This process is principally characterized by the fact that boron oxide and the oxides of the metals employed, or precursors of these oxides, are mixed in the requisite amounts, or even borates of these metals, and that the mixture is heated at a temperature sufficient to form the desired formula I compound. This temperature is generally between 850° and 1000° C, and most often between 900° and 1000° C.

The precursors of the metal oxides are principally hydroxides or mineral or organic salts capable of decomposing, on heating, to the oxides. Such salts are, for example, carbonates, oxalates, acetates, nitrates, etc. However, there can also be employed, as starting materials, the borates of the requisite metals. Moreover, boric acid can also be used as the source of boron oxide.

In the case where the mixed borates contain Eu(II) or Tb(III) metals, it is appropriate to operate in a slightly reducing atmosphere, for example, in the presence of hydrogen diluted with argon or nitrogen.

When the desired mixed borates contain Eu(III), it is appropriate to operate in an oxidizing atmosphere, for example in an atmosphere of oxygen or even in air.

By regulating the reducing and/or oxidizing atmosphere, it is possible to obtain mixed borates of formula I containing both Eu(II) and Eu(III) and/or Tb(III).

The present invention also relates to luminescent compositions, characterized by the fact that they include at least one mixed borate such as defined above. These compositions can contain for example, other than the mixed borate, an excess of B2 O3 and/or an oxide of M(II) metal. This excess is for example 20 mole percent of B2 O3, and/or 50 mole percent of the M(II) oxide, relative to the composition of the formula I product.

These contingent excesses of B2 O3 and/or M(II) metal oxide can be present in the mixture of the starting material employed to prepare the formula I product.

The compositions of the present invention can be used in all situations requiring luminescent compositions, eventually those being able to be excited by ultraviolet. They are useful in fluorescent lamps and tubes, and, in particular, in mercury vapor discharge lamps. They can also be employed in plasma panels, and also as optical coding agents, for example, for special papers.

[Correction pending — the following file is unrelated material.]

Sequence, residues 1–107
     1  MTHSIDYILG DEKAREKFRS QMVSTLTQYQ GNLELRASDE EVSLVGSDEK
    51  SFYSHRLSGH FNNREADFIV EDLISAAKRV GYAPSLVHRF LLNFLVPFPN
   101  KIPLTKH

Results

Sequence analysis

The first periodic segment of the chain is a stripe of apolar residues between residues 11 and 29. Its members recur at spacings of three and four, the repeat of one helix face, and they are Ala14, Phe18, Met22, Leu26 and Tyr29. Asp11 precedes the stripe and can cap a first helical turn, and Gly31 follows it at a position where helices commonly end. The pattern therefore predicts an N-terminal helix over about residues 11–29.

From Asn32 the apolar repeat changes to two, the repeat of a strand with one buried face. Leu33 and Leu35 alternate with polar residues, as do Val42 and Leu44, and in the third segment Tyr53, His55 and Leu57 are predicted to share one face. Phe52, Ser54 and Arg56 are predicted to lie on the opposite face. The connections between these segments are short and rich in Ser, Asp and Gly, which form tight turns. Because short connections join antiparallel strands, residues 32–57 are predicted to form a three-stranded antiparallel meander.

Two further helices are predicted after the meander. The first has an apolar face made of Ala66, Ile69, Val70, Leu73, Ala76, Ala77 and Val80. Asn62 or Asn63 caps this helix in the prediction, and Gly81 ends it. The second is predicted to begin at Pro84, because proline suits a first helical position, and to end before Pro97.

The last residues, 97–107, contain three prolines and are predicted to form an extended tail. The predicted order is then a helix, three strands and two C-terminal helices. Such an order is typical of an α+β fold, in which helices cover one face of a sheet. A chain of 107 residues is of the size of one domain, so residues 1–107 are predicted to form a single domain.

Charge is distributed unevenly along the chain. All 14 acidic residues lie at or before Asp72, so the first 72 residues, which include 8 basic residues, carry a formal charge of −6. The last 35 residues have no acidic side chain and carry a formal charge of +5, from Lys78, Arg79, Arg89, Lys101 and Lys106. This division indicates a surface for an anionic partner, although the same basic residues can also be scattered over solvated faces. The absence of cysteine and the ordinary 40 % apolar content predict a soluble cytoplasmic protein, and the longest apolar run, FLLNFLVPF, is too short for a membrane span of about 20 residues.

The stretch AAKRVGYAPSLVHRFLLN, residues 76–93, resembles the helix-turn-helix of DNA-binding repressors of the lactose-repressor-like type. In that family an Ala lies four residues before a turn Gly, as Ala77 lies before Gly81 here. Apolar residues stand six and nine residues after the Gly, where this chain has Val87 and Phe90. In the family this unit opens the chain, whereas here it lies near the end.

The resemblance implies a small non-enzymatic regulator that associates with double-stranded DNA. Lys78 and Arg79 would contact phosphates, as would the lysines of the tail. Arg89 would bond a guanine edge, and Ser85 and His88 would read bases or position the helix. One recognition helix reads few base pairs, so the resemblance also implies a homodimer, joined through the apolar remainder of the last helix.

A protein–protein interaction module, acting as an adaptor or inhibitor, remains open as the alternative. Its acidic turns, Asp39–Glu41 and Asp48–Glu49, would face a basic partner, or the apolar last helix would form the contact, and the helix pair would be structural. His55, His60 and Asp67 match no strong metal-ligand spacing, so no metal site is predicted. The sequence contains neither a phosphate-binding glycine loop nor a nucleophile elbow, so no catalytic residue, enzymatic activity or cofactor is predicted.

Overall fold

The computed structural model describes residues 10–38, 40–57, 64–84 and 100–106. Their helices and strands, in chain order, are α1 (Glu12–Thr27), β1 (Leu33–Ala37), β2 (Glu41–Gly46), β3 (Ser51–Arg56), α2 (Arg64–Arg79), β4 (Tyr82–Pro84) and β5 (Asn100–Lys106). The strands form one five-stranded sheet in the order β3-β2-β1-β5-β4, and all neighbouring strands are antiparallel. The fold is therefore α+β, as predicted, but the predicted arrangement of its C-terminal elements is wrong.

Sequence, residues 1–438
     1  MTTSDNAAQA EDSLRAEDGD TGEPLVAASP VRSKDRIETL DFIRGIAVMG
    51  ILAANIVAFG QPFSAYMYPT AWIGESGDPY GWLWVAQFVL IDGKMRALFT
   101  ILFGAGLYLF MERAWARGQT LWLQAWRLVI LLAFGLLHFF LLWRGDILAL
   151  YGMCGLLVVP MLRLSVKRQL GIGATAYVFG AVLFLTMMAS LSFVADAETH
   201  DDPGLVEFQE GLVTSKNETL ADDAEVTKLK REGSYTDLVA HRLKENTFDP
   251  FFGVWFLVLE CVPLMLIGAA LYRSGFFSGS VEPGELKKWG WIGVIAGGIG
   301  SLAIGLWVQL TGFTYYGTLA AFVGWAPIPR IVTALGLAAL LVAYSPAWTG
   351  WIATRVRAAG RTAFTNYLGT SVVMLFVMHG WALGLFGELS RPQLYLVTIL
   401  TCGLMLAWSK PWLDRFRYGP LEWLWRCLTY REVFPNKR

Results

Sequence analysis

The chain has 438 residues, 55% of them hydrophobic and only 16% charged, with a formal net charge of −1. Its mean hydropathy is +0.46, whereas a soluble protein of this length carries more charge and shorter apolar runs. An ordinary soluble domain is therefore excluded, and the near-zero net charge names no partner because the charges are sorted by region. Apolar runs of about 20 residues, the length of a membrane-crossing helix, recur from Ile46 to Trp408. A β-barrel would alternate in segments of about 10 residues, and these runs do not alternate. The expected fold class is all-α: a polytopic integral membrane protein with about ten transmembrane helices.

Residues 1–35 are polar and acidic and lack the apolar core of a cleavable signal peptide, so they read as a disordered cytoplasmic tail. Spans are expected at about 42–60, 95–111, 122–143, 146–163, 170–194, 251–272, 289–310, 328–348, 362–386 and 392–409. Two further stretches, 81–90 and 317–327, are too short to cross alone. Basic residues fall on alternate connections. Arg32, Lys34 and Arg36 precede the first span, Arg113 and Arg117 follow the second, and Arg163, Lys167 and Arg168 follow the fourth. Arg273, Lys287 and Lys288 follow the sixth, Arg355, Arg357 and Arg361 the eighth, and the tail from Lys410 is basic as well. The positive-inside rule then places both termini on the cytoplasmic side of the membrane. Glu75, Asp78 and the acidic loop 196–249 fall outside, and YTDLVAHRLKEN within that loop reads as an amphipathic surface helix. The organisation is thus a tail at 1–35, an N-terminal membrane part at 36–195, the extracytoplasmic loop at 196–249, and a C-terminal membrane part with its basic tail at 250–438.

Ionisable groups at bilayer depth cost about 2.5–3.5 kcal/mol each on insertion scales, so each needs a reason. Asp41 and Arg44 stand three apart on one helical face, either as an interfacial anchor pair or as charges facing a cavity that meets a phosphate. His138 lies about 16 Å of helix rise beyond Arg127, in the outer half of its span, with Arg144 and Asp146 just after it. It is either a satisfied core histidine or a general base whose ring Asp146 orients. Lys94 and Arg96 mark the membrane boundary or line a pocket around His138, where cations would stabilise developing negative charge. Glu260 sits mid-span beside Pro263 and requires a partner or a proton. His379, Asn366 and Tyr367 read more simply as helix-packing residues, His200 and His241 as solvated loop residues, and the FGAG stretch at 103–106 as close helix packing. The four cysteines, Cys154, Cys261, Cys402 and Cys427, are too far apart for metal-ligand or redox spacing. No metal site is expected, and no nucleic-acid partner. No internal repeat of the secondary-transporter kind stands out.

They can also be incorporated, in a known manner, in ceramics for dental prostheses.

Finally, the compositions based on terbium can be used as the green luminophore in xerographic reproduction devices.

The compositions of the present invention are used and applied in accordance with conventional methods.

The following nonlimiting examples and accompanying drawings are given to illustrate the present invention.

In the drawings:

FIG. 1 shows the luminescence spectrum for the borate BaCe0.6 Tb0.4 B9 O16,

FIG. 2 shows the luminescence spectrum for the borate, BaEu0.3 Gd0.7 B9 O16, and

FIG. 3 shows the luminescence spectrum for the borate, Ba0,99 Eu0.01 GdB9 O16.

EXAMPLE 1

A compound having the formula BaCe0.6 Tb0.4 B9 O16 is prepared starting with the following mixture:

______________________________________Starting Product Amount______________________________________Ba(NO.sub.3).sub.2            4.181 gCeO.sub.2        1.652 gTb.sub.4 O.sub.7 1.196 gB.sub.2 O.sub.3  5.013 g______________________________________

These products are intimately mixed by crushing; the mixture is introduced into an aluminum crucible and heated in a furnace at 950° C. under a current of hydrogen diluted with an inert gas (nitrogen or argon) for 15 hours.

The resulting product is provided in the form of a white powder, insensitive to the action of water. Irradiated by radiation having a wavelength between 250 and 300 nm, it exhibits an intense luminescence having a green-yellow color. The emission spectrum is represented in FIG. 1.

EXAMPLE 2

A compound having the formula BaCe0.2 Gd0.5 Tb0.3 B9 O16 is prepared starting with the following mixture:

______________________________________Starting Product Amount______________________________________Ba(NO.sub.3).sub.2            4.181 gCeO.sub.2        0.551 gGd.sub.2 O.sub.3 1.450 gTb.sub.4 O.sub.7 0.897 gB.sub.2 O.sub.3  5.013 g______________________________________

These starting products are mixed and treated in the same manner as set forth in EXAMPLE 1.

Excited by radiation having a wavelength between 250 and nm, the resulting product exhibits an intense luminescence similar to that of the product of EXAMPLE 1.

EXAMPLE 3

A compound having the following formula BaEu0.3 Gd0.7 B9 O16 is prepared starting with the following mixture:

______________________________________Starting Product Amount______________________________________Ba(NO.sub.3).sub.2            4.181 gEu.sub.2 O.sub.3 0.845 gGd.sub.2 O.sub.3 2.021 gB.sub.2 O.sub.3  5.013 g______________________________________

These starting products are intimately admixed by crushing or grinding. The resulting mixture is introduced into an aluminum crucible and heated in a furnace at 950° C. under a current of oxygen for 15 hours.